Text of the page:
• Participate in training sessions with your family or caregiver if you will need assistance at home.

Your Family or Caregivers: Welcomed members of the team

We invite family members and caregivers who will be helping you at home to come to therapy sessions. They will have the opportunity to encourage you and learn about your therapies, treatments and medications.

Your Safety: Avoiding falls

During rehabilitation, patients can be at risk of falling. Through our “Be Safe Fall Prevention Program”, we work with patients and families to surround them with guidelines and extra care that helps protect against falls. Some elements of the program include:

  • Patients wear shoes or no-skid slippers at all times.
  • Our staff will make sure your call light is within reach at all times and your bathroom light is left on all night.
  • For your safety, a bed alarm may used that will beep loudly to let us know if you are trying to get out of bed by yourself.
  • Families are encouraged not to help you get in or out of bed unless they have been trained by the rehabilitation staff or have received approval by the physical therapist.

Your Discharge: Planning ahead

Your rehabilitation team will set goals and monitor your progress. Your case manager or social worker will explain your discharge plan. It will ensure that you get the help you need after you leave Loyola’s acute rehabilitation unit.

Discharge doesn’t mean the end of therapy. Most patients need weeks or months of therapy in their home via home care, at an outpatient center or day rehabilitation, or in a skilled nursing facility. Overall, 72 percent of patients leaving our unit go home after their stay with us.

Common Questions About the Acute Rehabilitation Unit

How do I know if I need to go into the acute rehabilitation unit? Your doctor will refer you to the unit if you need two of three types of therapy (physical therapy, occupational therapy and speech therapy), require 24-hour hospital care or are able to participate in three hours of therapy per day.

How is the unit different from the rest of the hospital? The unit is a separate section on the fifth floor of the hospital that has 32 private rooms with wheelchair-accessible bathrooms. The staff and facility are dedicated to acute rehabilitation care. Our patients and clinicians use the hospital’s diagnostic, laboratory, medical and pharmacy services. Tests or procedures are completed onsite, and results are available within a day or two. Your primary Loyola doctor and specialists can visit you and will be in continual contact with your rehabilitation team.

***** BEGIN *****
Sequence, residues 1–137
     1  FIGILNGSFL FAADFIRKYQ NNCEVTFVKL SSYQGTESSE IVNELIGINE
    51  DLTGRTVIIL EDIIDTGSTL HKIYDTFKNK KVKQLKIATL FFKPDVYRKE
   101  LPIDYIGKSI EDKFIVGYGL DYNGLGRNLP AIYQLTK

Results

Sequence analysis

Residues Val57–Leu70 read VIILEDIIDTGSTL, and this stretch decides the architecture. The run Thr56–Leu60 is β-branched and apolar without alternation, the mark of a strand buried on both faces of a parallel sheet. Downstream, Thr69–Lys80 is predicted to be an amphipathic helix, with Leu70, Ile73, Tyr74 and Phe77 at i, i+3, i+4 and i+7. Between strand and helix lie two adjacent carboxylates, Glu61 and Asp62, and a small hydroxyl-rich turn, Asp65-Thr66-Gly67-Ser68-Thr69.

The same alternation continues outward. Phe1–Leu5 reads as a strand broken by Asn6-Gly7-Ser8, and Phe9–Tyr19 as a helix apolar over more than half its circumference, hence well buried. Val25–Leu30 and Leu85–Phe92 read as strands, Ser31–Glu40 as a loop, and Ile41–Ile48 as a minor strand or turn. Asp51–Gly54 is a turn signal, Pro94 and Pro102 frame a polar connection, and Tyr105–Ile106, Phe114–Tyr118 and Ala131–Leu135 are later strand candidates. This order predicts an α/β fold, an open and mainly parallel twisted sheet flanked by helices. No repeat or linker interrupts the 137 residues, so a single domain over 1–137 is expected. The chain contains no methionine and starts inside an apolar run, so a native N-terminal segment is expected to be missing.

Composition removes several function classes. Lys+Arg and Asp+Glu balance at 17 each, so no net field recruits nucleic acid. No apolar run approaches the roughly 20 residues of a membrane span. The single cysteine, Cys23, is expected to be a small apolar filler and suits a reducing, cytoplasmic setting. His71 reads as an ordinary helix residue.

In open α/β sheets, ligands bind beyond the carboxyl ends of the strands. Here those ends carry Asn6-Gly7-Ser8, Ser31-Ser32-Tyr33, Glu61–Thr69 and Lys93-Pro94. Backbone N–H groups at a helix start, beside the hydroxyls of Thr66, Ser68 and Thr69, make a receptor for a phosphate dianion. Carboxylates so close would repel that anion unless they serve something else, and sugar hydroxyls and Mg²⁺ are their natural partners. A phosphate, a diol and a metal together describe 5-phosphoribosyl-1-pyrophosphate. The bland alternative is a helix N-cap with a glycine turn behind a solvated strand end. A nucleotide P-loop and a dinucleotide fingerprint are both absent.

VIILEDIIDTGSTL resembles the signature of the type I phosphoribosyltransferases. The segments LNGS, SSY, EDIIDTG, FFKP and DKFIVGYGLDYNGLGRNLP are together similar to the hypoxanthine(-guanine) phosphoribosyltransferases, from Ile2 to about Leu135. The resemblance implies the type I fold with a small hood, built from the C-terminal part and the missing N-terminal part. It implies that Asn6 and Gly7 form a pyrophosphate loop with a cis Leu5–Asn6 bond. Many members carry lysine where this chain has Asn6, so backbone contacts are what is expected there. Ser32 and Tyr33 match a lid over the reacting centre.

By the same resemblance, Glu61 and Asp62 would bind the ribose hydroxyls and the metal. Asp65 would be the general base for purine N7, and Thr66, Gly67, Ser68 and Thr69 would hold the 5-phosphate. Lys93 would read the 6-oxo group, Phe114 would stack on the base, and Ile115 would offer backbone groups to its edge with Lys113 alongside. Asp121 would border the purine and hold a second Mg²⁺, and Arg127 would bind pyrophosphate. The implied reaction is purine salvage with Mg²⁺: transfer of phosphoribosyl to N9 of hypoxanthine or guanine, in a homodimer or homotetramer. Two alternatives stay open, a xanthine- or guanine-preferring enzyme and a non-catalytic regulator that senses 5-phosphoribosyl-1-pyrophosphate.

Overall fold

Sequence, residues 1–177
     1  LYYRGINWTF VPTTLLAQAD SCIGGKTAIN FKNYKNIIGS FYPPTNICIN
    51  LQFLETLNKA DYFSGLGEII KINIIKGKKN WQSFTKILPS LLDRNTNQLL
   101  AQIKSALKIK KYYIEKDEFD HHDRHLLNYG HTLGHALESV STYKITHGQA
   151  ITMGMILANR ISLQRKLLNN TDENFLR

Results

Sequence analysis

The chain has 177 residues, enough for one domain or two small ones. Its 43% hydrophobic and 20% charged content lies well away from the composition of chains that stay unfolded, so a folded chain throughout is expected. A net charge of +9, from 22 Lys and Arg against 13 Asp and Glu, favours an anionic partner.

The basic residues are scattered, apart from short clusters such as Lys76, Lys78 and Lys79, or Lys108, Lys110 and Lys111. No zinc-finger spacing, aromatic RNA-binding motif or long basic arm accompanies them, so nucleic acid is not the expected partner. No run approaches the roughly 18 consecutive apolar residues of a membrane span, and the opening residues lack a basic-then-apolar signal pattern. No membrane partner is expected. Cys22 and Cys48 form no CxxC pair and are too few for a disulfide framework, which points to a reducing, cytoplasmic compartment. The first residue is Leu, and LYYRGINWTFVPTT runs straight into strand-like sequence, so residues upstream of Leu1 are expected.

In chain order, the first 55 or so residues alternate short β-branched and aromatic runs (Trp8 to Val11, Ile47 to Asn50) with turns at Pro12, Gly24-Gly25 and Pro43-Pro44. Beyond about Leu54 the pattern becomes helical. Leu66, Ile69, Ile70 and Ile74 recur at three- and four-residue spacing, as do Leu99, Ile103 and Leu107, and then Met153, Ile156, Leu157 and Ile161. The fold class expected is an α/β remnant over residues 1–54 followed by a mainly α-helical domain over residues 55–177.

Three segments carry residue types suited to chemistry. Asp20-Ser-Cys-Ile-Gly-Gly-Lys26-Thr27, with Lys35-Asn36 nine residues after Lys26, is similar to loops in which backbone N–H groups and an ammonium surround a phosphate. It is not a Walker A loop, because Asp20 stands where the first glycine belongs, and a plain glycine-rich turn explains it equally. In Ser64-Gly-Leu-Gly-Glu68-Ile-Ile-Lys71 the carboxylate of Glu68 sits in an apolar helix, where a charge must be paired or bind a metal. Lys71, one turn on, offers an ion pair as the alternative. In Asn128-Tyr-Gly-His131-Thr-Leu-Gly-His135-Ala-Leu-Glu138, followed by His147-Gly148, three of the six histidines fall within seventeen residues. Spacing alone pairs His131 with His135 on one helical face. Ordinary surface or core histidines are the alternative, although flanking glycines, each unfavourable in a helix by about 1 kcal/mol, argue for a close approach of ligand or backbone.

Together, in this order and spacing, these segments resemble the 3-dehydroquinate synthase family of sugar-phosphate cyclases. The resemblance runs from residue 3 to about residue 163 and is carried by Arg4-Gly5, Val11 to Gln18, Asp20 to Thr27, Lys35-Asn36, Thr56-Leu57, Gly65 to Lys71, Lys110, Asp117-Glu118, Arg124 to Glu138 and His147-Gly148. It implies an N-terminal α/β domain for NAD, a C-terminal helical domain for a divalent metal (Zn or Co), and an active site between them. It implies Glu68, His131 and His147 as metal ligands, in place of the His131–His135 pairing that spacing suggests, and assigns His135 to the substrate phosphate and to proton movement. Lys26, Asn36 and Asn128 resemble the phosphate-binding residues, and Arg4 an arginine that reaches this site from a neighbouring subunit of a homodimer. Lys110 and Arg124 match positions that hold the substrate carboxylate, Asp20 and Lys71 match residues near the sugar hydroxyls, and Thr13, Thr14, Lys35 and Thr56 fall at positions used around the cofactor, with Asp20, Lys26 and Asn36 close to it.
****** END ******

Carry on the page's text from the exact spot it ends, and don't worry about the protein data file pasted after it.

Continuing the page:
What should I expect to accomplish in the acute rehabilitation unit? You should gain independence in caring for yourself by being able to get around by walking or using a wheelchair; perform dressing, bathing, toileting and other activities of daily living; eat and swallow effectively and safely; and be able to communicate and solve problems. The level of independence gained during your stay will depend on your condition. Your rehabilitation team will help plan for any additional assistance you may need when you are discharged.

Will I go home when I am discharged? It depends on your condition and progress. About 72 percent of Loyola’s acute rehabilitation patients go home, 14 percent receive additional care in our unit, 13 percent go to a skilled nursing facility and one percent goes to nursing homes, assisted-living communities or similar places.

What if I need help when I’m discharged? Everyone needs some help after acute rehabilitation. The amount of help you need will depend on your condition, restrictions prescribed by your doctor and safety considerations. Your case manager or social worker will help arrange for the specific type of assistance you need.

Will therapy end when I’m discharged? Rehabilitation is an ongoing process that can take weeks or months. If you’re able to leave your home, you may go to outpatient therapy or day rehabilitation. If you have difficulty leaving home, you may receive home care therapy and nursing visits one to three times per week. If you go into additional inpatient care, you will receive therapy there.

Will my health insurance cover inpatient rehabilitation services? Your private health insurance will review your records and must approve your admission to the rehabilitation unit before covering your care. Your rehabilitation team will review the details of your coverage and arrange for your transfer to us when admission is approved. Medicare and Medicaid cover inpatient rehabilitation under the same benefits they provide for any other hospital stay.

Are home care services covered by health insurance, Medicare and Medicaid? In general, they cover only skilled services provided by a healthcare professional, such as a registered nurse visit or visits by a physical, occupational or speech/language pathologist one to three times a week. Services such as caregiving, housekeeping and transportation are not covered.